Cuff pressures may be managed with manometry, minimal leak technique, or minimal occlusive volume technique, the most accurate of the methods (Feng et al., 2015).  Minimal leak technique and minimal occlusive volume procedures to assess cuff pressures are both performed easily using a syringe and stethoscope to assess airflow in the airway either over the suprasternal notch or lateral neck; however, the preferred method is the use of a pressure manometer (Epstein, 2005; Hess, 2005; Feng et al., 2015) Although the frequency of cuff measurements is not well established, one study by Beccarria et al. (2017) reported that cuff pressures changed frequently following certain patient care procedures, most notable following bathing, which suggests that cuff pressures should be measured several times per shift.

If clinicians consider the prospect of decannulation from the time of the tracheotomy, then cuff deflation sessions may be used to assess airway patency. These sessions also would periodically restore airflow to the upper airway which may assist with diminishing the negative impact on physiologic function which may be associated with decreased use of the upper airway (King & Harrell, 2019).  So, the question becomes, when is it a good time to consider cuff deflation and how do we know?  Lee et al, (2016) suggested nine criteria to predict successful cuff deflation, on the first attempt.  The criteria included:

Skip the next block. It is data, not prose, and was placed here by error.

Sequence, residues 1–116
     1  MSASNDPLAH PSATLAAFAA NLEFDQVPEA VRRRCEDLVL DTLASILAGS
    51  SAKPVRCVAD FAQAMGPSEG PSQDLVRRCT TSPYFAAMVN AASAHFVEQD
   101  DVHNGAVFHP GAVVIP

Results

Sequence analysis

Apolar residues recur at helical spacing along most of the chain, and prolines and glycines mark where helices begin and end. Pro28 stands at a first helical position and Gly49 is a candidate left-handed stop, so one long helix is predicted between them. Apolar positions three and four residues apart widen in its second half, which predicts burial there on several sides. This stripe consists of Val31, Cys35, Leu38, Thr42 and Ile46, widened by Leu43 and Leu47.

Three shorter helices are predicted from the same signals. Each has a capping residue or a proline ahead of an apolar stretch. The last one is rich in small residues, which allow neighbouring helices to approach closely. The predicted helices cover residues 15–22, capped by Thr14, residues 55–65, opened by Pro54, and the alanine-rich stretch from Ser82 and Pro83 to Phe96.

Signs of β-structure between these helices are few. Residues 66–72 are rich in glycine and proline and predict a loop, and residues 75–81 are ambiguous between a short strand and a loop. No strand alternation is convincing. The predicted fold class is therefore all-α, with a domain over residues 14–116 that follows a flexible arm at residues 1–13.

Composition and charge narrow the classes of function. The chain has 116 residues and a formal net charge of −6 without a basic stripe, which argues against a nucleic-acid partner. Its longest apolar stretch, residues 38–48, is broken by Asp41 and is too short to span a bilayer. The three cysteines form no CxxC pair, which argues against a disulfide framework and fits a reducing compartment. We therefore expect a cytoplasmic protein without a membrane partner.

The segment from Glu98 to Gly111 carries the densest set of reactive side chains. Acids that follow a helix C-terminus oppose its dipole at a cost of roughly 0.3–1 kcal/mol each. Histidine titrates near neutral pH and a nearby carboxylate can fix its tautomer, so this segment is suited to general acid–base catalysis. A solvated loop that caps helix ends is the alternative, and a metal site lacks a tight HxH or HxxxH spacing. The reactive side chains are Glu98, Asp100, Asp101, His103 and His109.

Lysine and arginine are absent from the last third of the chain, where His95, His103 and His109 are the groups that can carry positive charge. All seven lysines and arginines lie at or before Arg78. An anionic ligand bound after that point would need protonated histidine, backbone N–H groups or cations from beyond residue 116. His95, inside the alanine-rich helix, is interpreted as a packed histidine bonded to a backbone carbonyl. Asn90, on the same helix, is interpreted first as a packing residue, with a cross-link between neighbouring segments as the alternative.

1. 1. medical stability
  2. 2. respiratory stability
  3. 3. fraction of inspired oxygen ≤ 0.4
  4. 4. tracheal suction ≤ 1-2 hourly
  5. 5. sputum thin and easy to suction
  6. 6. sputum clear or white
  7. 7. ≥moderate cough strength
  8. 8. above cuff secretions ≤ 1ml per hour
  9. 9. alertness – eyes open to voice

Lee reported that 95% of the patients studied were able to achieve successful cuff deflation on the first attempt.  While this set of clinical considerations were used to predict successful cuff deflation in patients who were not ventilated, the same criteria could be used to consider cuff deflation sessions with patients who also require mechanical ventilation to assess upper airway patency and possible placement of a speaking valve as part of the decannulation pathway.